Seoul Small-Group Korean Night Food Tour
--Amy M. Gardner
We have taken many food tours over the years, usually through Culinary Backstreets, which works with local guides to offer tours in cities all over the world. They don’t offer one in Seoul, so I decided to see if I could find one that might be comparable, since it’s fair to say that none of us were experts in Korean food beforehand.
Since Keith’s mom traveled with us for the Asia part of our trip, I looked into doing a private tour for the three of us; Sometimes we’ve found that the cost for a private tour for three can be comparable to three people joining a group tour, but the differential was so high that I registered us for the “small-group Korean night food tour” through Viator for about $88 per person.
Despite the fact that we didn’t book a private tour, when we arrived at O’ngo Food Communications’ office/cooking school, we discovered that the group was just the three of us and our excellent guide, Kay. Kay doesn’t have the culinary background some of our food guides have had, but he spoke excellent English and was very willing to answer our (many) questions about his life in Seoul and Korean food and culture.
The tour itself was less extensive (and shorter) than most of the other (all day) food tours we’ve taken, but it was also less expensive, and exactly as advertised, with four stops in the Jongno-gu, Nagwon-dong, and Jongno areas – one for Korean BBQ, one for Toppoki, one for chicken and one dessert where we had a Korean version of shave ice and ice cream (Bingsu). At each spot, we were offered some sort of typical alcoholic beverage to go with the food.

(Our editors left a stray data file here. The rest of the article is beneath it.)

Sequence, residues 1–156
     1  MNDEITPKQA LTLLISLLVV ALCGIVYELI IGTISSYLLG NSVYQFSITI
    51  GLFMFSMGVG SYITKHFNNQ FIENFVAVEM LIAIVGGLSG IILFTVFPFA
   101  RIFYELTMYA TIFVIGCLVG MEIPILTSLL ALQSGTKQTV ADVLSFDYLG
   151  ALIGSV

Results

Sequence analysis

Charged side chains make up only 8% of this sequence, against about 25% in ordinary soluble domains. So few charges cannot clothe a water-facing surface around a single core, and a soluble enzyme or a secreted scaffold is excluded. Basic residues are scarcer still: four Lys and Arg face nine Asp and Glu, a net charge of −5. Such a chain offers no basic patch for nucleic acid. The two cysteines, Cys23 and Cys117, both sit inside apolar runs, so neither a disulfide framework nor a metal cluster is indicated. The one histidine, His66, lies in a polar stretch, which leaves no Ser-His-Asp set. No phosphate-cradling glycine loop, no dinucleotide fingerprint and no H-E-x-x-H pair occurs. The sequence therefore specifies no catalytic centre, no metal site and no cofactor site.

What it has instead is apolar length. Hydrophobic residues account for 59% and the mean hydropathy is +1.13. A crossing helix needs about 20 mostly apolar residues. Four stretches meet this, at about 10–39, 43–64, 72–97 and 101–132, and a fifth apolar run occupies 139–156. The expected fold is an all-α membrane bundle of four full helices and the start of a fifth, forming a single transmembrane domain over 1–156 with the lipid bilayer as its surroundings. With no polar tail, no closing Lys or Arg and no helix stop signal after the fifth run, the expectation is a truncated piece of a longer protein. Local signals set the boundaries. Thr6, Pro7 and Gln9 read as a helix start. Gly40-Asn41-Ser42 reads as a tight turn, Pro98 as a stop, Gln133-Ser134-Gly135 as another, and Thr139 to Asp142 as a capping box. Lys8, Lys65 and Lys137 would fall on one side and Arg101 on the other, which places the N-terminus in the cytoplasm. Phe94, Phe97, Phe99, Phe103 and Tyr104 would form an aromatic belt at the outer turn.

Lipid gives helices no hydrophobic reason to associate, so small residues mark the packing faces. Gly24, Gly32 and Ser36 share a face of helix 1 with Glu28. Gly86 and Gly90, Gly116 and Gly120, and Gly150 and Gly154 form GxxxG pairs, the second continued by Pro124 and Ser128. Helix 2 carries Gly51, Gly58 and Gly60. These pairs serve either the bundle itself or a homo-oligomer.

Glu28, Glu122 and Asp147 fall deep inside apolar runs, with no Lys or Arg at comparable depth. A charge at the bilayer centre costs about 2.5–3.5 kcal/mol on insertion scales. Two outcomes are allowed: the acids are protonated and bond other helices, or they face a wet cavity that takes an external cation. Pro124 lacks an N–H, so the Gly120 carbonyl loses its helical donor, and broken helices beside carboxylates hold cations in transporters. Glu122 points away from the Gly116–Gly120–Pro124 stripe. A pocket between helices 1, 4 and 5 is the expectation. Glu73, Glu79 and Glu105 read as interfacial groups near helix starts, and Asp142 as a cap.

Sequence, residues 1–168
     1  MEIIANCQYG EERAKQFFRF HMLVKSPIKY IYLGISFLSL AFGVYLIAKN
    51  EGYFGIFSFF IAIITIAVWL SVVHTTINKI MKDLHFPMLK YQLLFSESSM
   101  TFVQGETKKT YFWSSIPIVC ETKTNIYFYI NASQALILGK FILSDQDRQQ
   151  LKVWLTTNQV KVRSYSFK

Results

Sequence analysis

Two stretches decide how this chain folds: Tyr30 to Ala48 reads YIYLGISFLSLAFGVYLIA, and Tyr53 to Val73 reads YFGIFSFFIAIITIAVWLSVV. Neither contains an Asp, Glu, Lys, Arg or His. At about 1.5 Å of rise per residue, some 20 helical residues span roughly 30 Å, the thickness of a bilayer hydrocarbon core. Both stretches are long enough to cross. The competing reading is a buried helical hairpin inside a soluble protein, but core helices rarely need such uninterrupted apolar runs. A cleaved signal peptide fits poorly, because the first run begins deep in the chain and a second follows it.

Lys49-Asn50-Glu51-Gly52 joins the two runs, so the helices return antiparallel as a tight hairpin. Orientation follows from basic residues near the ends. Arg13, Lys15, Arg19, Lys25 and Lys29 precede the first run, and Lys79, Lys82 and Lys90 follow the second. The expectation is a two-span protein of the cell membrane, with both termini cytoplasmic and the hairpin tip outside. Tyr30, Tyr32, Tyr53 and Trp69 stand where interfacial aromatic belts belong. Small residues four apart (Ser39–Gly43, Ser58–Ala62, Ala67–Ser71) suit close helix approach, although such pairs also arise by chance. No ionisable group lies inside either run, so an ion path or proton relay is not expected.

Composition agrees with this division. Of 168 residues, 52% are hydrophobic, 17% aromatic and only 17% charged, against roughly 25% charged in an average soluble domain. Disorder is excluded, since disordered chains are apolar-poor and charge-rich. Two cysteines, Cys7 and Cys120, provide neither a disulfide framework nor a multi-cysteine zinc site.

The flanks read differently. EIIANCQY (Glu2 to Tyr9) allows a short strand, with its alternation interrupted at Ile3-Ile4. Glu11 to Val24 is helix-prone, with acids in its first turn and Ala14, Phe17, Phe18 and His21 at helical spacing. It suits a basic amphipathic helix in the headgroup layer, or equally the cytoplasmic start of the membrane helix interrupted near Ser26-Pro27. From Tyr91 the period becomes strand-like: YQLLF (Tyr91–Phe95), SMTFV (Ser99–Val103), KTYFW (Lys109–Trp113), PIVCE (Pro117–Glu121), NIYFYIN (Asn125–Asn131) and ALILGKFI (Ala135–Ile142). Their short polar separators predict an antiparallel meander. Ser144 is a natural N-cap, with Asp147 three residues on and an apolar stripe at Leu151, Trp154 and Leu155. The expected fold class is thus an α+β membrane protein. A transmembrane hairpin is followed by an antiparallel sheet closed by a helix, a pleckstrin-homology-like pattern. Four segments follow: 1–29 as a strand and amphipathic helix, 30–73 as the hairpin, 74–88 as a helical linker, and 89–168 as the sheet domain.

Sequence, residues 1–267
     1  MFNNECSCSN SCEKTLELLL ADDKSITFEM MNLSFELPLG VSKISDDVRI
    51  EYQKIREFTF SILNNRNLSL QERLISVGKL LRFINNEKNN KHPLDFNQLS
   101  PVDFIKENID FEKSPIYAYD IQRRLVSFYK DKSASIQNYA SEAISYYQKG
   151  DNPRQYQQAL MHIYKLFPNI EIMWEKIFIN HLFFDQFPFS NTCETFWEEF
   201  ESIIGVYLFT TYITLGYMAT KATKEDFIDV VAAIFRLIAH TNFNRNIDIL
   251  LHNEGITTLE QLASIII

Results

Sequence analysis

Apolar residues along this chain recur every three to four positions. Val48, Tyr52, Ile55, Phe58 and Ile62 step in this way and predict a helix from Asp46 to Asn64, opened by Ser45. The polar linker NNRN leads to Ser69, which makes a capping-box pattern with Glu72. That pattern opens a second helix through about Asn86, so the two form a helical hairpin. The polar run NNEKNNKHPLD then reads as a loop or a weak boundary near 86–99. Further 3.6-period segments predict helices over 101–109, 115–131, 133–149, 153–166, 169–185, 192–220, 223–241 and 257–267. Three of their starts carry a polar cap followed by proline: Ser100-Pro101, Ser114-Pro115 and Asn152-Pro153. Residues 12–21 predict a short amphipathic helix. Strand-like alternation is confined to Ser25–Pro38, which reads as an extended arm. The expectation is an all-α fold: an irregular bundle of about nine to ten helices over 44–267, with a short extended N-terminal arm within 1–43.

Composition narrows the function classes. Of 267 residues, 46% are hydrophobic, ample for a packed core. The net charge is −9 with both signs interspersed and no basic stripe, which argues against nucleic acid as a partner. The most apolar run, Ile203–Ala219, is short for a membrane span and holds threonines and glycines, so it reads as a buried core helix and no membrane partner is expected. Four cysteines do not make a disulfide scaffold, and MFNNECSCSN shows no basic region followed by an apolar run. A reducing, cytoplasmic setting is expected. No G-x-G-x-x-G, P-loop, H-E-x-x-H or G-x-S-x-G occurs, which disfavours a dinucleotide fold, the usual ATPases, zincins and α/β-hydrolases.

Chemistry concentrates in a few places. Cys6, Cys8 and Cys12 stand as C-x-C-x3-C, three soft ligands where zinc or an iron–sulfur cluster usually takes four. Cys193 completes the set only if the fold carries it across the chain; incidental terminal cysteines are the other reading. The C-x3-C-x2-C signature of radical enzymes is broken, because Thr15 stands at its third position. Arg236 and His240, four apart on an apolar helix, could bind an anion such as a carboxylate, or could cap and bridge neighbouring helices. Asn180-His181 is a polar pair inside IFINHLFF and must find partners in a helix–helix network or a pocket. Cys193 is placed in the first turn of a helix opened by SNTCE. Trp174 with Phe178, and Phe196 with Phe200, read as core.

The tour helped us learn about Korean food, try some dishes we hadn’t had before, and learn from Kay about his life in Seoul. The one thing we did miss from this tour versus some others we’ve taken before, was learning about the people who make the food. Although we met the owners of two of the stops, in retrospect we should’ve asked them more questions so we could’ve learned more from them the way we usually do on other food tours.
While the food itself was excellent, an unexpected highlight was at the end of the walk, when Kay took us to a building where we could see great views of Seoul. We had already been to the touristy N. Seoul Tower, but he took us to a new sky deck open to the public which was so much better. It was quiet, it was free, there was a much-appreciated breeze on a hot and humid night, and it was a great way to cap off what had already been a great experience. (If you want to visit yourself – and you should! – go to Makercity Sewoon and take the elevator to the 9th floor.)
Although we booked through Viator, you can book directly through O’ngo. They offer several options for food tours, in addition to cooking classes. If you have a free night in Seoul, I recommend it.